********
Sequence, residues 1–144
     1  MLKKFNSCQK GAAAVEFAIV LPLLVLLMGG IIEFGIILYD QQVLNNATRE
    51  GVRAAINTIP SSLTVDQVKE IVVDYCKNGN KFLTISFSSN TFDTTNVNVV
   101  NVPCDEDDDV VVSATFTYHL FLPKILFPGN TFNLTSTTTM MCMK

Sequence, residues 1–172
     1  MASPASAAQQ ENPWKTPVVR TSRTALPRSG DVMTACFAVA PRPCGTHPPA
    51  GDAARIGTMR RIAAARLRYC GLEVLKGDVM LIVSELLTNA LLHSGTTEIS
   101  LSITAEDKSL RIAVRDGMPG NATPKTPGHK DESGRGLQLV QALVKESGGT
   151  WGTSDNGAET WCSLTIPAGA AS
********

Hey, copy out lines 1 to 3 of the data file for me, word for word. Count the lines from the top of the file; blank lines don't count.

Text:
Sequence, residues 1–144
     1  MLKKFNSCQK GAAAVEFAIV LPLLVLLMGG IIEFGIILYD QQVLNNATRE
    51  GVRAAINTIP SSLTVDQVKE IVVDYCKNGN KFLTISFSSN TFDTTNVNVV